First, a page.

If too much cholesterol then blocks the blood vessel passageway, then oxygen and nutrients in the blood won’t be able to reach the heart, causing a heart attack. Should blood flow to the brain be cut off too (by too much cholesterol), then a stroke occurs. Before either of these tragic events take place, there may be warning signs of atherosclerosis.
LDL cholesterol is considered “bad” because in excess it can form plaques that embed on blood vessel walls and cause blood passageways to narrow.
Blood tests can reveal total cholesterol levels, as well as how much “bad” cholesterol there is.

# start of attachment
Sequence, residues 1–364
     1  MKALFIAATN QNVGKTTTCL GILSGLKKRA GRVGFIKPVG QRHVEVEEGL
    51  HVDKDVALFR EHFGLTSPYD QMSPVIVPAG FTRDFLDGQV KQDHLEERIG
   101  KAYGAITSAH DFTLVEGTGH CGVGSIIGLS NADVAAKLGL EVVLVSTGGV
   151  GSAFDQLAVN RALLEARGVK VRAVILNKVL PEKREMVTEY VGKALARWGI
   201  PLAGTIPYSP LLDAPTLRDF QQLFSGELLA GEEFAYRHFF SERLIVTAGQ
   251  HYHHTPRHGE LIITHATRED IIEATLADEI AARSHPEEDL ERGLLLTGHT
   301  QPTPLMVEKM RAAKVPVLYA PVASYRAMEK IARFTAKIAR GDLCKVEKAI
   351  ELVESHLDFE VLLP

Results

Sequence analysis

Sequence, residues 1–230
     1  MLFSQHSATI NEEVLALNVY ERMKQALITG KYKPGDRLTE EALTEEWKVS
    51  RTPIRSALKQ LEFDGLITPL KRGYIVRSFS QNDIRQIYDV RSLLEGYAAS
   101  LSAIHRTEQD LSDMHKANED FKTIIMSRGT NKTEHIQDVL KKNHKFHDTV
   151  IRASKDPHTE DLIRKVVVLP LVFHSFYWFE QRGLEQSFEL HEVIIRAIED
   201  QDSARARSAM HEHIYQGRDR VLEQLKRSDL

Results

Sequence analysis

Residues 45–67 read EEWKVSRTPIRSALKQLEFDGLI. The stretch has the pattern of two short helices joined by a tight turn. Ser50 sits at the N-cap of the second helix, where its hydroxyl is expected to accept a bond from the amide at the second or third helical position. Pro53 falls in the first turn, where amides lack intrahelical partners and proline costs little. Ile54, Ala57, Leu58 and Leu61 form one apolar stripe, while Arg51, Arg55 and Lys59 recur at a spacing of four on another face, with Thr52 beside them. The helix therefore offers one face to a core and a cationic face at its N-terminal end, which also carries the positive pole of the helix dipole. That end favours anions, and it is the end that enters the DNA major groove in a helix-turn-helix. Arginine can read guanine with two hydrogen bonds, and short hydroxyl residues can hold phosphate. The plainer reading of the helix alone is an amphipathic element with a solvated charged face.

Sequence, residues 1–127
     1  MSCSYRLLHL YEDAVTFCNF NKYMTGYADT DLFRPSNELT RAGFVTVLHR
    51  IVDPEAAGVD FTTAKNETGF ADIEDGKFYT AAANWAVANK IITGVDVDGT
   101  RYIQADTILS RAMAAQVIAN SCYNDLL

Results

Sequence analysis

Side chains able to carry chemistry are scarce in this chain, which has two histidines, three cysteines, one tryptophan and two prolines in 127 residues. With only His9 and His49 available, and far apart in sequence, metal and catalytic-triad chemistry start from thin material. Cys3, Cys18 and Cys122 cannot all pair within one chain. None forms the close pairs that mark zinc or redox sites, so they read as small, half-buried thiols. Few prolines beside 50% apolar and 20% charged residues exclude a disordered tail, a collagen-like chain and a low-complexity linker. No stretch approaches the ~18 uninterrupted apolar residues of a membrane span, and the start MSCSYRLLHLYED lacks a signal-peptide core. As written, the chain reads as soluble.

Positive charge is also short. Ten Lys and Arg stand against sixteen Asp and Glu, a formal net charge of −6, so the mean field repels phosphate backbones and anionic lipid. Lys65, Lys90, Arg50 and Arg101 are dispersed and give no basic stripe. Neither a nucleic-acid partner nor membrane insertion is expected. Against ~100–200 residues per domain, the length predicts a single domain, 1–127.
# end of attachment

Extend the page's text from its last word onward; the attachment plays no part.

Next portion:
Certain lifestyle choices increase “bad” cholesterol levels, such as:
- Lack of physical activity
- Being overweight or obese
- An unhealthy diet full of saturated fats
The BHF said: “Atherosclerosis is common. It’s more common in people over 65 and those with a family history of heart or circulatory diseases.”
- Plenty of fruit and vegetables
- Wholegrain varieties of bread, rice, and pasta
- “Some” milk and dairy products
- “Some” meat, fish, eggs, beans and other non-diary sources of protein
- Only a small amount of foods high in fat and/or sugar
Eating healthily also means including at least five portions of fruit and vegetables a day.
“Try to vary the types of fruit and veg you eat,” advised the BHF. In addition, people should refrain from consuming too much salt.
Salt consumption can increase blood pressure readings, which can inadvertently promote heart disease that leads to a heart attack.
As for alcohol moderation, it’s important not to drink more than 14 units weekly for any occasion.